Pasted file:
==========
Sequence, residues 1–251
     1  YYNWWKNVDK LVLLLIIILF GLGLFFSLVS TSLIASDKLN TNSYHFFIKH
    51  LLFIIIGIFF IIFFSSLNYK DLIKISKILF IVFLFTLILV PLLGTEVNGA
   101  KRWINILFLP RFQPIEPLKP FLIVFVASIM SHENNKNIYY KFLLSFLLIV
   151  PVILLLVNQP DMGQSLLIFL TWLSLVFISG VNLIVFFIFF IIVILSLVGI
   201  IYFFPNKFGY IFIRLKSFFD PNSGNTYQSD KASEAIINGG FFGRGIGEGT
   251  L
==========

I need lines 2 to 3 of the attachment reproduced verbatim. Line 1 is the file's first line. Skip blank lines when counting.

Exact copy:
     1  YYNWWKNVDK LVLLLIIILF GLGLFFSLVS TSLIASDKLN TNSYHFFIKH
    51  LLFIIIGIFF IIFFSSLNYK DLIKISKILF IVFLFTLILV PLLGTEVNGA